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The dos and don'ts of delivery management

The Dos And Don'ts Of Delivery Management

by Stuart Arthur

What delivery managers need to do to ensure quality software is delivered at pace.

Delivery managers are an essential part of the software engineering journey, particularly in the context of a technology services business. They play a crucial role in how a product is delivered, taking it from idea, to build, to launch, by leading the team and implementing agile principles.

However, just as no two product requirements are the same, the skills and capabilities of delivery managers also vary. The biggest difference is often found in their level of technical expertise.

While all delivery managers should have some knowledge of technology, those with a deeper understanding of technical tools and processes are far better suited to software production environments. Here's why.

The difference between delivering discoveries and delivering software

We can think about agile software engineering as an expedition, taken on by a team of experts hand-picked for their specialist skills (user researcher, designer, business analyst, software engineer etc) who are each called on to navigate specific points in the journey. The expedition leader, with ultimate responsibility for getting the team from the start (the beginning of the project) to the end (the point of value realisation or the delivery of effective working software), is the delivery manager.

Without a good level of technical expertise, the delivery manager won't be able to take the team successfully from A to B. They might get through the earlier stages of the life-cycle, delivering Discovery or Alpha solutions really well and in a way that satisfies the client. But there's a big difference between this and the core of the journey - delivering working software in a production environment to support mission-critical services.

A lack of software engineering understanding is the metaphorical 'roadblock ahead' sign, the landslide across the trail, which means the journey can go no further after Discovery or Alpha.

It's an indication that the delivery manager (and therefore the team) simply doesn't have the capability to deliver the product to live, iterate it, and support it. They can't plot a route ahead.


The dos and don'ts of a delivery manager

The delivery manager is a critical role that can make or break a team environment and significantly impacts a team's ability to deliver effective working software. To that end, here are some guidelines as to what is — and isn't — required of a delivery manager.


What a delivery manager must do

  • Be empowered to say no to unrealistic client requests
  • Focus on delivering value early and as often as possible
  • Create an environment where everyone works in the open
  • Promote agile excellence and adapt the process through short feedback loops
  • Build a high trust environment where engineers feel safe and happy
  • Emphasise the need to deliver high quality, robust, and secure software
  • Act as a coach to the engineers but also to the client team and organisation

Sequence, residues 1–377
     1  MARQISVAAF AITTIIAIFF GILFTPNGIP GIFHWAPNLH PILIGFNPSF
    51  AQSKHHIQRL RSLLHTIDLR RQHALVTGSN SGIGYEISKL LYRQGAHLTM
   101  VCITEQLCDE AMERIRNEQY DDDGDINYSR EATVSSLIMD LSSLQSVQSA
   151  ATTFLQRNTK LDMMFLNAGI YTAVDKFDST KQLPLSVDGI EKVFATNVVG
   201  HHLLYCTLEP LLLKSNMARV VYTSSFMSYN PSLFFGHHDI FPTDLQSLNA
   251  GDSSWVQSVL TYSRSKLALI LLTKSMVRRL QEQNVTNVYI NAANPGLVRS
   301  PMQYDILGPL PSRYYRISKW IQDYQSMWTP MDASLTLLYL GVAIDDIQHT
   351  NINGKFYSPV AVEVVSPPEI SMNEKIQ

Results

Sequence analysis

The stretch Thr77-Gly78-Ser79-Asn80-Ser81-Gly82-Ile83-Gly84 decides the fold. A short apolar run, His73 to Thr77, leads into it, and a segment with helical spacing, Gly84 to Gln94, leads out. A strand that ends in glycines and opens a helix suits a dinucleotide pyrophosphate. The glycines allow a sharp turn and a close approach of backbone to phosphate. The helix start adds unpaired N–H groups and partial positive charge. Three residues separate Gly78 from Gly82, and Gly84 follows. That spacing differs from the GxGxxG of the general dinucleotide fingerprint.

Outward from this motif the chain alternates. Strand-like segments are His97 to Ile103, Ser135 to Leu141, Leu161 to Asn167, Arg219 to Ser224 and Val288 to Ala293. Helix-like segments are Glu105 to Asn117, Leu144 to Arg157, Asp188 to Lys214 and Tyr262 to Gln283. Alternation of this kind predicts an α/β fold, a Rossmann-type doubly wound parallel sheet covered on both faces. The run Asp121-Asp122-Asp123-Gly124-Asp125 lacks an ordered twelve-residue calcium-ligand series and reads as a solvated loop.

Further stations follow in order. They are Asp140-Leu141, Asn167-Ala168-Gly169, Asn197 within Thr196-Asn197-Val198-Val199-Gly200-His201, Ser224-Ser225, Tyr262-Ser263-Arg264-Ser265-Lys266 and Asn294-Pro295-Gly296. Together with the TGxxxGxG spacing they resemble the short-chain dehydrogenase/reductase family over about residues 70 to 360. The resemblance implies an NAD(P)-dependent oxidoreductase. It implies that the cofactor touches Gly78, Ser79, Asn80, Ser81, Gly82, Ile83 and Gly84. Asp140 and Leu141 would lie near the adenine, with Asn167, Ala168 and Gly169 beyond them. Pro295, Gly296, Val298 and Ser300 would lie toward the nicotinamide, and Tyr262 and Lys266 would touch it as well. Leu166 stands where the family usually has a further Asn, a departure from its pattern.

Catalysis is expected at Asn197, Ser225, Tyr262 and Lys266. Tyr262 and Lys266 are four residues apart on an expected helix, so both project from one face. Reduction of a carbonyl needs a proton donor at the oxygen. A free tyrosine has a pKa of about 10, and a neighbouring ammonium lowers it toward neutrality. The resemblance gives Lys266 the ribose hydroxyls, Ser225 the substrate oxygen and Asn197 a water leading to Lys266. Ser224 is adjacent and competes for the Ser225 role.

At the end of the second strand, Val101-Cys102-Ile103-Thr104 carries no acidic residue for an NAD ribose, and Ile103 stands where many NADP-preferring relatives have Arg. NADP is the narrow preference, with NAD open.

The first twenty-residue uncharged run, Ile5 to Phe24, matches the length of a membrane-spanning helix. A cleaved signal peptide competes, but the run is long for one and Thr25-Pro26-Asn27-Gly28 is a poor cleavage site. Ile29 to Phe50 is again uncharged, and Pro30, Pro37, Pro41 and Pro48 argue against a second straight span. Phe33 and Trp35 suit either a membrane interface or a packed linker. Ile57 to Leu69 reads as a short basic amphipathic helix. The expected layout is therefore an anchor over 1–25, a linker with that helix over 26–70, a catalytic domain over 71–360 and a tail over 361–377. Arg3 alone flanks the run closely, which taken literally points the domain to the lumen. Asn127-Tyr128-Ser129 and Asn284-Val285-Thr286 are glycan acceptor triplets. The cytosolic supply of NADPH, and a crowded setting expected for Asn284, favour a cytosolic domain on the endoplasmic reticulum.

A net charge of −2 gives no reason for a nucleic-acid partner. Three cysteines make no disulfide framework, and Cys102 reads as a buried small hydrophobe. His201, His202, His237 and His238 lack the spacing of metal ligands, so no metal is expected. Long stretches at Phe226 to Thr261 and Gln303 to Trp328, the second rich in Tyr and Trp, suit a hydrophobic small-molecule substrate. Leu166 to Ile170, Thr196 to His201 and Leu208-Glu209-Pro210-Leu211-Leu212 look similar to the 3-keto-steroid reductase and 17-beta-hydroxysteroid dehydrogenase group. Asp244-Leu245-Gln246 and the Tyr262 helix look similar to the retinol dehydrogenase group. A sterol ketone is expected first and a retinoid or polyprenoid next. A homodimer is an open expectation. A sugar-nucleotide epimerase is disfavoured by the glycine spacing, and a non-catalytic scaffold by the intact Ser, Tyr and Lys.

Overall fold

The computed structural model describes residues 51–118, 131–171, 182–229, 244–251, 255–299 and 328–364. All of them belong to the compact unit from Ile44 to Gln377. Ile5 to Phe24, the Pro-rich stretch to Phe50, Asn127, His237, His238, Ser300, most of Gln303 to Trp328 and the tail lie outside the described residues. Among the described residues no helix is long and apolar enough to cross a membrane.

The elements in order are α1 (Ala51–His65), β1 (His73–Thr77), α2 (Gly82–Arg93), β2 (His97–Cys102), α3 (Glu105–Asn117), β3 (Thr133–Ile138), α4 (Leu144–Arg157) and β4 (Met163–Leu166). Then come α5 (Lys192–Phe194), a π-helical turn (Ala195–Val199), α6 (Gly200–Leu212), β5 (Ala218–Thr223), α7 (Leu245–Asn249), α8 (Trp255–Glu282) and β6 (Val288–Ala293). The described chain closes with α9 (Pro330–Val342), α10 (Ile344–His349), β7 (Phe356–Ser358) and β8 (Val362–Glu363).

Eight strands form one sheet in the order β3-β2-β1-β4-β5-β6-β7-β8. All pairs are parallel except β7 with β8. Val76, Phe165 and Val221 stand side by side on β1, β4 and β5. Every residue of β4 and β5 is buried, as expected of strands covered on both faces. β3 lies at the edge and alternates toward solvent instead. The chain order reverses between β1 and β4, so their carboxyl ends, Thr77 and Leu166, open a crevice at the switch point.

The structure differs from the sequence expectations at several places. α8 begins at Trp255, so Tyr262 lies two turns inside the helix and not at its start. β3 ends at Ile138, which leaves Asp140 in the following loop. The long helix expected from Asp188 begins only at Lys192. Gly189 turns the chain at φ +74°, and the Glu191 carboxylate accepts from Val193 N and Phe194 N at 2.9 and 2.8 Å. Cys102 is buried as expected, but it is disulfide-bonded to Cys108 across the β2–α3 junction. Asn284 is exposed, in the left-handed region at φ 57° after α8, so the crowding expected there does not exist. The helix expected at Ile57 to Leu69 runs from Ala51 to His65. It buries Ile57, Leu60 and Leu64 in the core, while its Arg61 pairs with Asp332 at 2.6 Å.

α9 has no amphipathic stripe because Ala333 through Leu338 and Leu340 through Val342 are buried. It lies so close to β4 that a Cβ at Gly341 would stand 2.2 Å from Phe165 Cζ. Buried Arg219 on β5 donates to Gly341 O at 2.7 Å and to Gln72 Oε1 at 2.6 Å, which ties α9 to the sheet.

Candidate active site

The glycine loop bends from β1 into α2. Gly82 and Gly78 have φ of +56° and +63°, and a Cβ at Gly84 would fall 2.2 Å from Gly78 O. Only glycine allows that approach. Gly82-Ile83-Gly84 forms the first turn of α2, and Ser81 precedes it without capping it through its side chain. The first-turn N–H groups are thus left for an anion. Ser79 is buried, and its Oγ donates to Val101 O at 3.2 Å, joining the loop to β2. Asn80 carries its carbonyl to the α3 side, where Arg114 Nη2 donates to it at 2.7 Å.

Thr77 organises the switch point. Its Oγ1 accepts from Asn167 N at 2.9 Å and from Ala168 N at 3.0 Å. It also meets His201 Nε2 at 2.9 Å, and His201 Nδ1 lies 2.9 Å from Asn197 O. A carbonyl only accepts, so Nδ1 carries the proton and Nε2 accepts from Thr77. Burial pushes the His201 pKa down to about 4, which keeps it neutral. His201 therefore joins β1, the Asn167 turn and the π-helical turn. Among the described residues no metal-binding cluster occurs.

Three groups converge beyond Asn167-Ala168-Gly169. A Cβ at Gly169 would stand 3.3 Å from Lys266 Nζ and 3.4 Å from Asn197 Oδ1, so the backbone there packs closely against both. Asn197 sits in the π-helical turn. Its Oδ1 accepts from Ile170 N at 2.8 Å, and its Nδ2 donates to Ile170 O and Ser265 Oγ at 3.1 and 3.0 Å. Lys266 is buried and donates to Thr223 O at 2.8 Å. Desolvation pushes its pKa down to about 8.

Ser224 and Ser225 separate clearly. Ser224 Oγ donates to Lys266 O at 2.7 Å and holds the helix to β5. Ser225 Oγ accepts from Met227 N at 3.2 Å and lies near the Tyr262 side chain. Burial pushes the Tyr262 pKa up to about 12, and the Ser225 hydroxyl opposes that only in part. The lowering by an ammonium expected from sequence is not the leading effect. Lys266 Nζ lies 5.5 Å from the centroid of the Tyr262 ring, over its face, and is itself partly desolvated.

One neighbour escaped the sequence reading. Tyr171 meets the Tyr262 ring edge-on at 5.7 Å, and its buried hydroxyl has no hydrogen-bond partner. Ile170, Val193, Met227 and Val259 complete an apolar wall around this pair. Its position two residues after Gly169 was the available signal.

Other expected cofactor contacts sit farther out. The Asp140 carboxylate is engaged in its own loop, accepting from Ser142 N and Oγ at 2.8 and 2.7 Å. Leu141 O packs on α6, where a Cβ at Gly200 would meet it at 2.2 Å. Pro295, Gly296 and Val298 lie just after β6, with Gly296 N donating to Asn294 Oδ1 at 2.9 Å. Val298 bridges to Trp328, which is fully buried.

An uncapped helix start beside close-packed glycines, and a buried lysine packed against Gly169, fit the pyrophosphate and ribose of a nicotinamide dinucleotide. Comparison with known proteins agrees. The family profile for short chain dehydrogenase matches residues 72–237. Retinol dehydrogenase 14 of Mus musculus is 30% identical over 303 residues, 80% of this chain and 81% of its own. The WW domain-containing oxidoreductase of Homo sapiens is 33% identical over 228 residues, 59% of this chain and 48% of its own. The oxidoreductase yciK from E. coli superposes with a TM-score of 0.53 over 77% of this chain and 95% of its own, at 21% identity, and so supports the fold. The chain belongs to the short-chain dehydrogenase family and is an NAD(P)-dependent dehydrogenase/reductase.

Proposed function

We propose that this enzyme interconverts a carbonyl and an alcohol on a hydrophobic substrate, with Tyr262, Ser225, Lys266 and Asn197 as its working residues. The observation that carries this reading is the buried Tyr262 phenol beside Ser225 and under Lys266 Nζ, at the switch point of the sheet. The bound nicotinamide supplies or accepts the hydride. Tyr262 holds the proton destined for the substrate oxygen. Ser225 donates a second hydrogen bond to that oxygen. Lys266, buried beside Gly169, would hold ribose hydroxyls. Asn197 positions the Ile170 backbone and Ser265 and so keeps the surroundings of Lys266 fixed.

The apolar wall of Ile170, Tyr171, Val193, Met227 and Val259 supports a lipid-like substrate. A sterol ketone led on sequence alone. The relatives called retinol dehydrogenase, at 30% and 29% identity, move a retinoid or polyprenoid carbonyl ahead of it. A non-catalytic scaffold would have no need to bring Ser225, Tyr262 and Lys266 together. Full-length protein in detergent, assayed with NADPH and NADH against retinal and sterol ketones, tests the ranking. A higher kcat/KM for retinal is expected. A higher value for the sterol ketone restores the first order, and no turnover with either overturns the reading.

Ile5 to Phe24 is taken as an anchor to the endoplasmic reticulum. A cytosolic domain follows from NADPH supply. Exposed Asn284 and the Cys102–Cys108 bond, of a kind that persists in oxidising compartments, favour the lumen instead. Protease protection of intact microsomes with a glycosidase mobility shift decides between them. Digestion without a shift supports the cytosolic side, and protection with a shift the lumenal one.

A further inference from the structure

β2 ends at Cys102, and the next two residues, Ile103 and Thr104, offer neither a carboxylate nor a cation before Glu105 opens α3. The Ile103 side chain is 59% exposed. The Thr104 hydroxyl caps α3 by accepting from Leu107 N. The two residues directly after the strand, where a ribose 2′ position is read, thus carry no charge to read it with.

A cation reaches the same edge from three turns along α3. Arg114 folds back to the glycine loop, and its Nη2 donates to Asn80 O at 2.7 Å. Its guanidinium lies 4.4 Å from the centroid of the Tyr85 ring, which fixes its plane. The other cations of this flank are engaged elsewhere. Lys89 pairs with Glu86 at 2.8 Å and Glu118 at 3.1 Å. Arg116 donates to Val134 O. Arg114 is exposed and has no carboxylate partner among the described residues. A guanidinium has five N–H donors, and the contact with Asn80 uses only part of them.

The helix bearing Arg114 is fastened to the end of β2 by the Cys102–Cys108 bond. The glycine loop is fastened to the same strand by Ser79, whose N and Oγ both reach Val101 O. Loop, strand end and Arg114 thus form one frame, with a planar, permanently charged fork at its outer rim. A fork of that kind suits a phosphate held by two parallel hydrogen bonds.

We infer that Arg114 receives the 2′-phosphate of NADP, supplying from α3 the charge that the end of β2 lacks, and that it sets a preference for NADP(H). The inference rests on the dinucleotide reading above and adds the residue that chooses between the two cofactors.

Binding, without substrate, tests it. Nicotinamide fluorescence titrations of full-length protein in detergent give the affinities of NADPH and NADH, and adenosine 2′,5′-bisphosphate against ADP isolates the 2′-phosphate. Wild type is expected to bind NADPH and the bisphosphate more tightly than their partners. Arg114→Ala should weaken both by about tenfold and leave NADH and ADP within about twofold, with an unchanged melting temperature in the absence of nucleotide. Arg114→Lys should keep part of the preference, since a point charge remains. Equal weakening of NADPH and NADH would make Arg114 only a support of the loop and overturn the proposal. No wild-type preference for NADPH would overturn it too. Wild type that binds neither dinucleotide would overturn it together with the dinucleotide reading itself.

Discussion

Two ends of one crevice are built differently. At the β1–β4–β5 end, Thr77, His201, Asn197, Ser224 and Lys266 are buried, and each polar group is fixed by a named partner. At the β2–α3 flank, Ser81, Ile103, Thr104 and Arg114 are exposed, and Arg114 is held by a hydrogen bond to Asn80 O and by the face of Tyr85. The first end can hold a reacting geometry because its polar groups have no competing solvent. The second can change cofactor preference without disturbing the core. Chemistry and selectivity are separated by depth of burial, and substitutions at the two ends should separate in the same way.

• Connect with engineers at a human level and show them that you care
  • Facilitate direct communication between the customer and the engineers
  • Be honest about estimation and pivot towards early and regular releases
  • Facilitate regular retros and identify and action improvements
  • Understand and embrace modern software engineering practices
  • Promote direct lines of communication between the team and the customer


What a delivery manager mustn't do

  • Say yes to every unrealistic client request to "keep the client happy"
  • Use estimates or sprint velocity as a tool to pressurise engineers
  • Discourage or fail to consider quality practices as important
  • Make important client decisions without input from engineers
  • Repeatedly ask engineers to work harder and faster
  • Pass client pressure directly onto engineers
  • Expect waterfall thinking to blend seamlessly with agility
  • Willfully ignore the agile principles and focus on “the plan” and deliverables
  • Behave like “a boss” and prescribe what everyone does in detail
  • Micromanage engineers - failing to trust them to give their best
  • Passively accept how the client likes to work without challenge
  • Treat engineers as disposable resources
  • Take engineer feedback personally and disregard it if you don’t agree
  • Neglect to tackle technical debt on an ongoing basis
  • Act as a “go between” with the client stakeholders and the team


Delivery managers prove their worth

There are no shortcuts for experience, and all good delivery managers will have cut their teeth on a range of technical projects. They need to be equally skilled in managing interpersonal relationships - both within their team and with the client, enforcing technical excellence, and keeping everyone focused on the task at hand.

Good delivery managers are hard to find, but they prove their worth time and time again. If a piece of software exists that is user-focused, technically excellent, and was built quickly and cost effectively, then you can bet there was a talented delivery manager behind it.

At TPXimpact, we have the technical and engineering capabilities to deliver end-to-end solutions, not just prototypes or design experiences, but working software that is well engineered and easy to use. This is the very essence of agile delivery approaches. Get in touch and we'll be happy to discuss how we can meet your needs.

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Stuart Arthur


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